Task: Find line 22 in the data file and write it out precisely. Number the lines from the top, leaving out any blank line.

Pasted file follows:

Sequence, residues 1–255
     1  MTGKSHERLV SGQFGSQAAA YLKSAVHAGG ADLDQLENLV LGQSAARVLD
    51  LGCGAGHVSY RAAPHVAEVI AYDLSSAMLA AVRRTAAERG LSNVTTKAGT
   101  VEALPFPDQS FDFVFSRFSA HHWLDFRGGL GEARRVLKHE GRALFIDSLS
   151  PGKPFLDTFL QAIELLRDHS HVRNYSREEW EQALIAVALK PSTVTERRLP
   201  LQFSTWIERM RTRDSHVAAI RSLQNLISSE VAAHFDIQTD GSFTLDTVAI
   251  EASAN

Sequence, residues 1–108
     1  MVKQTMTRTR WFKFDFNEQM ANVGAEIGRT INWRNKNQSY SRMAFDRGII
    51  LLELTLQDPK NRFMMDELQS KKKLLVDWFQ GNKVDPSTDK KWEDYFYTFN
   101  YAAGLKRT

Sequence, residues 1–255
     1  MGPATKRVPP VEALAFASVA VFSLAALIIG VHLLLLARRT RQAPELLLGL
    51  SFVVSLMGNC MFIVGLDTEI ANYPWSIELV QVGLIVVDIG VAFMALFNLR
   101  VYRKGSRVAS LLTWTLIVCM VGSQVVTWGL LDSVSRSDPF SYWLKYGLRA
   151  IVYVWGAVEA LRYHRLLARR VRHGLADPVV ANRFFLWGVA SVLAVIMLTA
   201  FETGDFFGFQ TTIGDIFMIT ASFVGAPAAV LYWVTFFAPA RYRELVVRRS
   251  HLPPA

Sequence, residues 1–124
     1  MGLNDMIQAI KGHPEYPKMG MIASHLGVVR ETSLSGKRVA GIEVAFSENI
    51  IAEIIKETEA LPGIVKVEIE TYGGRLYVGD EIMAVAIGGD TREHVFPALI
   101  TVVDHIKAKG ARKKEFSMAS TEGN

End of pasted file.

   101  TVVDHIKAKG ARKKEFSMAS TEGN